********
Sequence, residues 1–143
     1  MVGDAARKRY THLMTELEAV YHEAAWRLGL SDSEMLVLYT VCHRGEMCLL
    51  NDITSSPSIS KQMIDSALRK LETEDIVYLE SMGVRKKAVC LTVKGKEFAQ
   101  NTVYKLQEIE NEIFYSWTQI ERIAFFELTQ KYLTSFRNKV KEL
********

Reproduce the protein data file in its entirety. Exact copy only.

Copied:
Sequence, residues 1–143
     1  MVGDAARKRY THLMTELEAV YHEAAWRLGL SDSEMLVLYT VCHRGEMCLL
    51  NDITSSPSIS KQMIDSALRK LETEDIVYLE SMGVRKKAVC LTVKGKEFAQ
   101  NTVYKLQEIE NEIFYSWTQI ERIAFFELTQ KYLTSFRNKV KEL